January 2018

Risks remain, including: DC turmoil, geopolitical events, increased global competition, digital disruption and rising interest rates. As these unfold, financial market volatility may return.

Typically, there are three 5% corrections per year. However, since early 2016 the S&P 500 and the Dow Jones Industrial Average have not had a 5% correction. As such, the next 5% market pullback may provoke more negative emotions than previous 5% pullbacks.

Long-term investors should keep in mind that the 100-year average US stock market return is about 10%. Compounding those positive returns long-term can produce powerful results.

Another area of low volatility has been the bond markets. As interest rates fall, most bonds rise in value and pay a coupon. Some investors have become accustomed to this. However, a stronger economy can lead to rising inflation and higher interest rates. As this occurs, the market value of most bonds may decline.

The Fed has been one of the largest buyers of bonds over the last nine years; however, the Fed is expected to cut its US Treasury bond holdings by $252 billion in 2018 and $360 billion in 2019. At the same time, the federal government is expected to increase its debt by $550 billion in 2018. Consequently, new buyers of at least $0.8 trillion US Treasury debt may be needed annually for the foreseeable future (vs. about $0.4 trillion in 2017).

Eventually, bonds should have to offer higher interest rates to attract record amounts of new buyers. This means that bond prices should fall and current long-maturity bonds might provide negative total returns.

As interest rates rise, investors should avoid long-term bonds, preferred stocks, utility stocks and some levered closed-end funds. On the other hand, other investments may benefit from a stronger economy despite higher inflation and interest rates.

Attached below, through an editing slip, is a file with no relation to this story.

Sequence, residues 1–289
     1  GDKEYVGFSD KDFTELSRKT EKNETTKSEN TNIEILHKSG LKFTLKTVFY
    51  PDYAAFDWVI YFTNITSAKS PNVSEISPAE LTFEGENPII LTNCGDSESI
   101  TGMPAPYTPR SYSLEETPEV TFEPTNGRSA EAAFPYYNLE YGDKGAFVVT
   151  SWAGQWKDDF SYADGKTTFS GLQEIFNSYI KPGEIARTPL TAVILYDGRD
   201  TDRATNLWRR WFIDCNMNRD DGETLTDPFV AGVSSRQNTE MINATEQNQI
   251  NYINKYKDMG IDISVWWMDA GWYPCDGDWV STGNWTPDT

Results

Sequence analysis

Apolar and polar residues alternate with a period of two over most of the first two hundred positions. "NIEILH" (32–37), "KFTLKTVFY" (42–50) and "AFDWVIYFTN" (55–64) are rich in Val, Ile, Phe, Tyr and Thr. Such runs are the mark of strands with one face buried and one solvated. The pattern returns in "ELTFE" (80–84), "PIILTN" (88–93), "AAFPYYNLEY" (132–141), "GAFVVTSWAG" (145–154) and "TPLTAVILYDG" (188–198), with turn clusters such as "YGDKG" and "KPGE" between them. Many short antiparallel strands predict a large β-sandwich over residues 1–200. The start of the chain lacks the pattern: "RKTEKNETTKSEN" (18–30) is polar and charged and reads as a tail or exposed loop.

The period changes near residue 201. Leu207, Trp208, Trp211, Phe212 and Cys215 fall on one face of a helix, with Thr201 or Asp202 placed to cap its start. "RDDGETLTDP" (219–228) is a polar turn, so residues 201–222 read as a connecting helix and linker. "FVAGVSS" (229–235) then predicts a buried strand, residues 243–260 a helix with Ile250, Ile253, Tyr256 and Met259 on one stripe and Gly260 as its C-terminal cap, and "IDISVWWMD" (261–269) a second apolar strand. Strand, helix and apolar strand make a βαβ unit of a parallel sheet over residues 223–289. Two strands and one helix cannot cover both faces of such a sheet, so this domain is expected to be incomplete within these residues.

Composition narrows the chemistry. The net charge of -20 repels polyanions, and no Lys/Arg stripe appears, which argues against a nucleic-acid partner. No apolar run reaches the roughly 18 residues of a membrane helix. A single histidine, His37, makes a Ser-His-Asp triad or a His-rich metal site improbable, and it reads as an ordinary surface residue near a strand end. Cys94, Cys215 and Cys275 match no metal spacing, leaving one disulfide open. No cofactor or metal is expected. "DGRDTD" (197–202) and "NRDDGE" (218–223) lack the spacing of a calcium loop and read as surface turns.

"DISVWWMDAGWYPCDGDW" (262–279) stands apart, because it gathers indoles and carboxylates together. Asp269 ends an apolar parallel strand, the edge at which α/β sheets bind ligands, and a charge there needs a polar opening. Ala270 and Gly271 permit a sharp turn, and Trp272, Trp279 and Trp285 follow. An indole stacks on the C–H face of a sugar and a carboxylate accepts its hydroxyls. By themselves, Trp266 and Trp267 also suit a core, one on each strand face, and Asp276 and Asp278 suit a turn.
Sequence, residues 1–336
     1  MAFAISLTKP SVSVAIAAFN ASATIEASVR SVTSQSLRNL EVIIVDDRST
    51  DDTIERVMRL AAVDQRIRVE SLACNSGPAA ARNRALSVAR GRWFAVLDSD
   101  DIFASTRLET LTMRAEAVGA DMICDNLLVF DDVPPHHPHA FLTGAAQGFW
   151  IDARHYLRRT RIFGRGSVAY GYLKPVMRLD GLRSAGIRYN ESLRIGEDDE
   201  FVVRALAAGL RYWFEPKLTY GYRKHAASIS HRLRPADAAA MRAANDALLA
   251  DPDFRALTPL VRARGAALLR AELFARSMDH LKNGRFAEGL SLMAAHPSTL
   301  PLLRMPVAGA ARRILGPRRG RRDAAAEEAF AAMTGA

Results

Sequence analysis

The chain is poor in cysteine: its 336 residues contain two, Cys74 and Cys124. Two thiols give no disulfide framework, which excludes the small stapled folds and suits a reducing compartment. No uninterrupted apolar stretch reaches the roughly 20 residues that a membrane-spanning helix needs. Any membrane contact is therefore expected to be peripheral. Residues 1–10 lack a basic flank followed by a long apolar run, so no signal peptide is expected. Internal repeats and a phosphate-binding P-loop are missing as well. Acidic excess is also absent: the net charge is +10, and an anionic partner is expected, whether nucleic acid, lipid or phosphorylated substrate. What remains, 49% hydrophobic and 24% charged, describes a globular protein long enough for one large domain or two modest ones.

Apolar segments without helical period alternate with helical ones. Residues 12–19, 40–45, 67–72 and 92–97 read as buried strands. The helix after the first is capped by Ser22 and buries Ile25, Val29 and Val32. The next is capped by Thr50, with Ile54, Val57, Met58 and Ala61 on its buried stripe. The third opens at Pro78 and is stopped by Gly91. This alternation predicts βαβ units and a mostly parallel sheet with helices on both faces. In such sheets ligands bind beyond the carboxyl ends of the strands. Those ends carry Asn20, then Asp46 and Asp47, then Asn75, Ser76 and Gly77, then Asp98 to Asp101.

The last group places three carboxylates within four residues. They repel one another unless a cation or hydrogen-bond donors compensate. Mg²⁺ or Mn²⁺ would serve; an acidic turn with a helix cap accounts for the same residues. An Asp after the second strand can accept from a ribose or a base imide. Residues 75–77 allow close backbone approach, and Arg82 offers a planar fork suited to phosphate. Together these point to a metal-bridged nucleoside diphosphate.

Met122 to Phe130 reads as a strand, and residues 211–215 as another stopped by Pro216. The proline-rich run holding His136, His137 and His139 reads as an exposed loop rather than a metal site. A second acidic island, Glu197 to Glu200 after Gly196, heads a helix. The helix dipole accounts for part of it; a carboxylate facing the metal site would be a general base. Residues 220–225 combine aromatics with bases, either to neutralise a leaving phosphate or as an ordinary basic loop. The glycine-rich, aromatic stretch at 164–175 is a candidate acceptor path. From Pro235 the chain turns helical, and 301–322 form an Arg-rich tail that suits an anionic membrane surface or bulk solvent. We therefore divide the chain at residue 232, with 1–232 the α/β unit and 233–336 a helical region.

Common stocks of these types of companies and funds may perform well in this environment:

  • Global companies benefiting from exports and strong foreign operations and repatriation of foreign profits at a low tax rate.
  • Small and mid-capitalization companies that paid the full US corporate tax rate should experience higher earnings and cash generation from a lower federal corporate tax rate.
  • Financial service firms that benefit from rising interest income and increasing merger and acquisition activity.
  • Leading consumer discretionary firms that continue to dominate their niche should reap rewards from rising consumer jobs, wages and confidence.
  • Companies using technology to drive productivity and sales growth should continue to profit from the ongoing digital revolution.
  • International companies boosted by the synchronized global economic recovery may boost certain international mutual funds and exchange traded funds (ETFs).

Many equities with these traits pay attractive dividends and increase them annually. The combination of strong long-term growth and a rising stream of recurring cash dividend income can produce strong results.